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MTA Warns 40 Percent Service Reductions, Fare Hikes and Mass Layoffs Without Federal Aid

NYC Subway (Unsplash)

Aug. 29, 2020 By Allie Griffin

The MTA warned of huge service reductions, fare hikes and mass layoffs if the federal government doesn’t step in and provide aid to the cash-strapped agency.

The MTA needs $12 billion in federal funding immediately to avoid “draconian” and “unthinkable” measures to alleviate its massive deficit caused by the COVID-19 pandemic, transit officials said at an emergency MTA board meeting Wednesday.

“Without this additional federal funding, we could be forced to take draconian measures, the impact of which will be felt across the system, the region for decades to come,” MTA Chairman Patrick Foye said.

The MTA may be forced to cut subway, bus and Staten Island Railway service by 40 percent. The cuts would increase wait times on subways by eight minutes and buses by 15 minutes

The Long Island Railroad and Metro North could face even higher service reductions of up to 50 percent.

Transit officials also warned of additional fare and toll hikes on top of biennial increases already planned.

They also said more than 7,200 MTA jobs could be cut and a wage freeze implemented through 2022 if the federal aid doesn’t come through.

Capital projects and renovations, such as phase two of the Second Avenue subway extension and ADA system upgrades, could also face setbacks and delays without the $12 billion in aid.

The MTA saw a 40 percent reduction in revenue during the pandemic, as ridership plummeted.

During the worst of the pandemic, subway ridership dropped 95 percent and is still down 75 percent today, officials said.

“The MTA has never seen ridership declines as severe and sustained as now; never seen revenue losses of this magnitude,” Foye said.

“We’re losing about $200 million a week in revenue losses from fares, tolls, subsidies and pandemic related expenses,” he added.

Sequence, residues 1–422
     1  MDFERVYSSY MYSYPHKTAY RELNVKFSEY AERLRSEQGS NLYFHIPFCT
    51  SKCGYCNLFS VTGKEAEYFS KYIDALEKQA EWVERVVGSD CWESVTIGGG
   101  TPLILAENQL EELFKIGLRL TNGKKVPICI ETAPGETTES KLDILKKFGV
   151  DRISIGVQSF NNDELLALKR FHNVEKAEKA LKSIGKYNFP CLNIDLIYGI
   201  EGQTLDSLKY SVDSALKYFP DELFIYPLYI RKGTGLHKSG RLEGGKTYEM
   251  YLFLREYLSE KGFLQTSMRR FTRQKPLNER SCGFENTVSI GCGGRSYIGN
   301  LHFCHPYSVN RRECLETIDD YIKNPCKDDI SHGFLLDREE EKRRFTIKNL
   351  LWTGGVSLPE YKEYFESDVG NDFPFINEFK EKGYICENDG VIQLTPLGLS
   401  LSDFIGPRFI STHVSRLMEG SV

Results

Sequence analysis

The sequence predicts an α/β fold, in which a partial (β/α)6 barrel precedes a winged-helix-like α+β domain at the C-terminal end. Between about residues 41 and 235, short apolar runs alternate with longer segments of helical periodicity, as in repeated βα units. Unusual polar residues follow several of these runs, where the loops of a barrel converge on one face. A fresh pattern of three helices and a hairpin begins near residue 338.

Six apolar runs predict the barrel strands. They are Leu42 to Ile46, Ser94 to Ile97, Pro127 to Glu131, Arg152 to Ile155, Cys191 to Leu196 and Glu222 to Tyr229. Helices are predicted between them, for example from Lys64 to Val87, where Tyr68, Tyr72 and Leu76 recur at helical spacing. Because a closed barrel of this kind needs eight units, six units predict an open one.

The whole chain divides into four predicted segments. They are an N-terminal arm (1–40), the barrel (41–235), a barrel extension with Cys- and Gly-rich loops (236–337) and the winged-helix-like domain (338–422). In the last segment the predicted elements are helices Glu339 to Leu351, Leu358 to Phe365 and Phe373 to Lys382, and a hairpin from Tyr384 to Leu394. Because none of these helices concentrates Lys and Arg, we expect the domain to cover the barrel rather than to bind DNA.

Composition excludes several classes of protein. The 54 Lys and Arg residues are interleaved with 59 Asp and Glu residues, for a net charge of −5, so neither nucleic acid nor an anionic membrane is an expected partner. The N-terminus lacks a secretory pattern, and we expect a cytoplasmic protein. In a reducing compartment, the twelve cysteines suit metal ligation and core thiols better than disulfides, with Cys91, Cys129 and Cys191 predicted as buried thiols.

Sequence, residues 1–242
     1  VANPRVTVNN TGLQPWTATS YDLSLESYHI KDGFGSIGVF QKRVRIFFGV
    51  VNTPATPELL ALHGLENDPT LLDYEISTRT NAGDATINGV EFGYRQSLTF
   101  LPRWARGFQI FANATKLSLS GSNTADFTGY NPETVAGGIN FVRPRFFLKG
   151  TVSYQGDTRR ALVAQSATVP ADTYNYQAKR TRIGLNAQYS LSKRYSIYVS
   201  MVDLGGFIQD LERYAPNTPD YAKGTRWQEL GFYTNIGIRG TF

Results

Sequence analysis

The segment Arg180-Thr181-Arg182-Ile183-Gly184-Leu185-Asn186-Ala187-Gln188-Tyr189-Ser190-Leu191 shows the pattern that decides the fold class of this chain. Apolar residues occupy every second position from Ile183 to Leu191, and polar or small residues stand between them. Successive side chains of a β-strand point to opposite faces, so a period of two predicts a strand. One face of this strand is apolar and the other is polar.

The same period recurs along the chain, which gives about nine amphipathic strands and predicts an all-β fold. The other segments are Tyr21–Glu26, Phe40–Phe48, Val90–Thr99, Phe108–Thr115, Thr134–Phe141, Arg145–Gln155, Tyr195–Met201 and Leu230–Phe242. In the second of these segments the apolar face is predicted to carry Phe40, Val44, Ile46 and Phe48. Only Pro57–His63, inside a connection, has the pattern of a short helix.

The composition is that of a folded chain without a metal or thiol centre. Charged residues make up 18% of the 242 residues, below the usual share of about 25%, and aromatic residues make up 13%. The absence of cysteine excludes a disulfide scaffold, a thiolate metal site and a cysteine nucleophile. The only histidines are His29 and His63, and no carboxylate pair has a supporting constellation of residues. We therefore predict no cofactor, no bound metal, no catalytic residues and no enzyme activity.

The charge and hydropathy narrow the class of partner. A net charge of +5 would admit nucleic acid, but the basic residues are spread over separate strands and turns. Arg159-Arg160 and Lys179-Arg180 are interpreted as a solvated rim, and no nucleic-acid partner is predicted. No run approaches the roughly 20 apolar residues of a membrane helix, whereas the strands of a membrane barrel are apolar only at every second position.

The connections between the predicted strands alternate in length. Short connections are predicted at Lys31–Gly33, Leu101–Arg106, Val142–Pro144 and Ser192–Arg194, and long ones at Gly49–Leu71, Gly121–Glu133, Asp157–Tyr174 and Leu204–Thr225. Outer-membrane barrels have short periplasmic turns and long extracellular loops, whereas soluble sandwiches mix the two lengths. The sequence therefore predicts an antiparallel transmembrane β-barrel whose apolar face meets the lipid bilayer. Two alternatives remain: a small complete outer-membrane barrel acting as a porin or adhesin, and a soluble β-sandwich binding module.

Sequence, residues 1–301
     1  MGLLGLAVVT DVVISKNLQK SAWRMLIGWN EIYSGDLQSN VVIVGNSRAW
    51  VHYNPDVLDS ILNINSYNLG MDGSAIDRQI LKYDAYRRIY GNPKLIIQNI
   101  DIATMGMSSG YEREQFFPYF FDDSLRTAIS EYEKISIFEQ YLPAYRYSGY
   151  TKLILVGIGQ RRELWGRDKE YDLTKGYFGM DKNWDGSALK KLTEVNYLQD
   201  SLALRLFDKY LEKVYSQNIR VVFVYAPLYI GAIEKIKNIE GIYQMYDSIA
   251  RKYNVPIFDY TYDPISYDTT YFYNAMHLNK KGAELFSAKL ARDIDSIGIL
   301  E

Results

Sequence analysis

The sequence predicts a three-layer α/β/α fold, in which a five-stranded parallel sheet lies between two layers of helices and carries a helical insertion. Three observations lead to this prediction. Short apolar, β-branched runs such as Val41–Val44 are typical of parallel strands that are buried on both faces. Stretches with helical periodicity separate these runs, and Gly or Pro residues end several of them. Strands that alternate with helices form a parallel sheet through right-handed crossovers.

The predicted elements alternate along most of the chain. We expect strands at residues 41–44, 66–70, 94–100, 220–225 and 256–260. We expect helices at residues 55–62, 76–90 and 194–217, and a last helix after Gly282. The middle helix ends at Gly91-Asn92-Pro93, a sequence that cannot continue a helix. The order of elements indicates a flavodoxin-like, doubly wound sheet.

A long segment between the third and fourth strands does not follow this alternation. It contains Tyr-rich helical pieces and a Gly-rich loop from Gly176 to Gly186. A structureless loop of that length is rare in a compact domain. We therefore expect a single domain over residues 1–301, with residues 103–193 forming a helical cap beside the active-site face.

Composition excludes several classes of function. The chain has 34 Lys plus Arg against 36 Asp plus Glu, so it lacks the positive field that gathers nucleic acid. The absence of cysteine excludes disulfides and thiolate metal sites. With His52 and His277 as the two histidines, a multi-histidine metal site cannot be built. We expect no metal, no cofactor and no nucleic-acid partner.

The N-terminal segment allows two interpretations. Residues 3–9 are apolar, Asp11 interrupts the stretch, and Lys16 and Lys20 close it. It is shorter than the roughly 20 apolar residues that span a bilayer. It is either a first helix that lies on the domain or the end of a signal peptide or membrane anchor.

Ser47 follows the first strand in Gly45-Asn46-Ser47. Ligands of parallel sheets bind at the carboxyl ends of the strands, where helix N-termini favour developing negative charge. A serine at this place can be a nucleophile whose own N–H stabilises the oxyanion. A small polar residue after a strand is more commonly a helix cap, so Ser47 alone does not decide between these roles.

Foye said the current COVID-19 economic crisis is by far the worst the MTA has ever faced and far exceeds the impact of the Great Depression on New York City mass transit.

“The survival of the MTA and the existence of millions of jobs in this region and across the country lie squarely in the hands of the federal government,” Foye said.

He said the MTA has no other means to close the deficit and that the aid money allocated to the MTA through the CARES Act ran out on July 24.

“There’s no ignoring the gaping hole in the budget that still remains,” he said. “I can’t be any clearer, the federal government must deliver for the MTA. It is literally our only option for survival.”

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Merman

Let this sink in: For the past decade the MTA has made over $10 million a DAY. The only reason the MTA does not have a massive reserve of cash is due to terrible management and government leadership that became commonplace. Given the downward spiral NYC is in, taxpayers across the country should not be held accountable for the stupidity that runs this city.

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Larry Penner

Financial viability of the MTA is a four way dance between farebox revenue, City Hall, Albany and Washington. There are $12 billion worth of Federal Transit Administration funding projects and programs in active open grants. The MTA has never initiated and completed a forensic audit to determine unspent available balances. The FTA issued guidance on March 13 that gave all transit agencies including the MTA permission for reallocation of federal funding from capital projects in existing grants to reprogram these funds toward COVID-19 capital and operating expenses.

The FTA made available $1.4 billion worth of annual formula funding in 2020. The MTA can program these funds toward COVID-19 capital and operating expenses. MTA has already received $3.9 billion in CARE COVID-19 funding. .

On October 1st, an additional $1.5 billion in 2021 funds will become available. (This assumes Congress completes passage of a transportation funding bill on time for a change and sends it to the President that he can sign it). The MTA can program these funds toward covering capital improvements and operating deficits as a result of COVID-19. Riders and Washington have already done their part. City Hall and Albany must do likewise.

(Larry Penner — transportation advocate, historian and writer who previously worked for the Federal Transit Administration Region 2 New York Office. This included the development, review, approval and oversight for billions in capital projects and programs for the MTA, NYC Transit, Long Island Rail Road, Metro North Rail Road, MTA Bus along with 30 other transit agencies in NY & NJ) .

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